Icon in Red, a homage to the Golden Gate Bridge

It was once known as “the bridge that couldn’t be built” and its proposed construction was met with fierce opposition. Thankfully, the Golden Gate was bridged and the result is a majestic piece of architecture. You can see the iconic red of the bridge from lots of different places in San Francisco, but my favourite was from Baker Beach as the sun set. Today the Golden Gate Bridge is taken for granted, but that wasn’t always the case.

Its many early opponents claimed it would destroy the natural beauty of San Francisco Bay, others believed that it wouldn’t survive an earthquake similar to the one that flattened San Francisco in 1906. The people who worked the ferry that existed before the bridge probably weren’t too pleased either.

Despite this, the momentum to span the Golden Gate and connect the city with its northern peninsula continued to build. In 1919, the tender to design a bridge was won by a Chicago-based engineer, Joseph Strauss. Strauss was a man capable of dreaming big, in fact he’d already made designs for a 55-mile long bridge across the Baring Straight to connect Alaska with Russia.

Golden Gate Bridge, San Francisco, California, United States

Golden Gate Bridge, San Francisco, California, United States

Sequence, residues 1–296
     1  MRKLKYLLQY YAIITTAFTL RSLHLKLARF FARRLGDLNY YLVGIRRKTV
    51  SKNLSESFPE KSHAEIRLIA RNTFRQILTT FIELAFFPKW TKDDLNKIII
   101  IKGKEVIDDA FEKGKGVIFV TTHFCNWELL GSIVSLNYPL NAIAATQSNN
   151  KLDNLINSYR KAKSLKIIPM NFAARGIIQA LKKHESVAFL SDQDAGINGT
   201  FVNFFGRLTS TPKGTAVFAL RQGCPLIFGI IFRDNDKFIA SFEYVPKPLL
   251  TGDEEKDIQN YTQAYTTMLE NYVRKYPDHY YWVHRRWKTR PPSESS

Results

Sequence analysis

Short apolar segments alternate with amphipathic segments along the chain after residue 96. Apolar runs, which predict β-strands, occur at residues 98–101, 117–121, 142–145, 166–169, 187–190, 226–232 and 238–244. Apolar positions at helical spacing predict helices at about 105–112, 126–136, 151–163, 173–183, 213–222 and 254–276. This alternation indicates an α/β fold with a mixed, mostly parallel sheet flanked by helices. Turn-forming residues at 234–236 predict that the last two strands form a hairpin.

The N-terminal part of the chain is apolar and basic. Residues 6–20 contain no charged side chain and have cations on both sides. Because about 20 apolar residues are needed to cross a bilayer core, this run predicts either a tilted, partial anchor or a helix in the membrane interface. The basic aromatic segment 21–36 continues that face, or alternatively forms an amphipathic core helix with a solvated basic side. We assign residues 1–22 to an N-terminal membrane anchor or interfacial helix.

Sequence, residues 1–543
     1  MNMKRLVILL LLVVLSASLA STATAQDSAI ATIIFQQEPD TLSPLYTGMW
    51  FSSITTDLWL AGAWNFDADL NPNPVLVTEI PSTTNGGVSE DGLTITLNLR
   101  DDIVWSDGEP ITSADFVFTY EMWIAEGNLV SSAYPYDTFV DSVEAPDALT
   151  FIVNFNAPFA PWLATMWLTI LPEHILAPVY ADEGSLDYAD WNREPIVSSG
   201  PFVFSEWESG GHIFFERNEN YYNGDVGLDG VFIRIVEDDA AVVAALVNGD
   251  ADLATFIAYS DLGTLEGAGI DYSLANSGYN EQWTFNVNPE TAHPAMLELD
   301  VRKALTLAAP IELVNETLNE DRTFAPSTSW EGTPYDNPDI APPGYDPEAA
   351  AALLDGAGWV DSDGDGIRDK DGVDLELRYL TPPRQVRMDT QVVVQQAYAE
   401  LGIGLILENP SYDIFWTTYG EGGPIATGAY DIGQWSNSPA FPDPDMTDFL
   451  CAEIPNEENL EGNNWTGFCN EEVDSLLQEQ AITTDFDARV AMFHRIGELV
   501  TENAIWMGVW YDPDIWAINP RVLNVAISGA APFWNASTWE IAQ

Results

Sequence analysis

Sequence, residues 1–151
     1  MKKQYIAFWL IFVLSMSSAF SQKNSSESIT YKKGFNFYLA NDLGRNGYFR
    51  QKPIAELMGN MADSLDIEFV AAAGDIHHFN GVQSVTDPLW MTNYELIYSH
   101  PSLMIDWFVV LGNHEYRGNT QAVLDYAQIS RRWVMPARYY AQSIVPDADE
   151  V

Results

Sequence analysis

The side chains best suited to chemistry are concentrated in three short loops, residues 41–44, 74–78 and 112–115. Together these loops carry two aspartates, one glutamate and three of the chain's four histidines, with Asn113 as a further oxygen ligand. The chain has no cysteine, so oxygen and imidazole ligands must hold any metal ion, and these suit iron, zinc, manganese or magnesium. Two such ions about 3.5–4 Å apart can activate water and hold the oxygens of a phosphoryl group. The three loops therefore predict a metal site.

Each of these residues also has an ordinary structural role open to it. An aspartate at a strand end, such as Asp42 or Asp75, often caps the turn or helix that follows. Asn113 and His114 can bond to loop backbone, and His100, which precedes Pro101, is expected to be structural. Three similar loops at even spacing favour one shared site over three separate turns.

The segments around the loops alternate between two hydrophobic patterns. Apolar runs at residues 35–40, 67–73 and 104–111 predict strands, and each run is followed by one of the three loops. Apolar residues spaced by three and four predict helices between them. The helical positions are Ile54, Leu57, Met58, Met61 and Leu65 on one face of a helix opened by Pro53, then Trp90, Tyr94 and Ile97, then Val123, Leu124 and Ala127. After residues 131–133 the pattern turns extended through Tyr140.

Golden Gate Bridge, San Francisco, California, United States

Golden Gate Bridge, San Francisco, California, United States

Golden Gate Bridge, San Francisco, California, United States

Golden Gate Bridge, San Francisco, California, United States

At a mile wide, the Golden Gate was a less daunting prospect and Strauss promised to build the bridge to a budget of $35 million. For over a decade progress was mired in litigation and opposition, but the drive to build became overwhelming during the Depression of the 1930s.

On January 5th, 1933, construction of the monumental Golden Gate Bridge finally began. The excavation of 3.25 million cubic feet of earth necessary to support the twin towers that stretch 746 feet into the air, employed thousands made redundant in the Depression. The two cables that support the road below are 7,000 feet in length and contain 80,000 miles of wire. 1.2 million steel rivets hold all the pieces of the bridge together.

The designs for the graceful suspension bridge that emerged after four years of construction was the work of many hands, and have stood the test of time. Since then the bridge has won many accolades, none less than the fact that in its first 75-years of operation it only closed three times due to bad weather.

Today it’s considered one of the Seven Wonders of the Modern World by the American Society of Civil Engineers, it’s one of the most recognisable buildings on the planet, and is a truly awe inspiring sight viewed from far away or close up. It does hold some less fortunate accolades, including as a popular site for suicides.

Golden Gate Bridge, San Francisco, California, United States

Golden Gate Bridge, San Francisco, California, United States

Golden Gate Bridge, San Francisco, California, United States

Golden Gate Bridge, San Francisco, California, United States

Sunset from Baker Beach, San Francisco, California, United States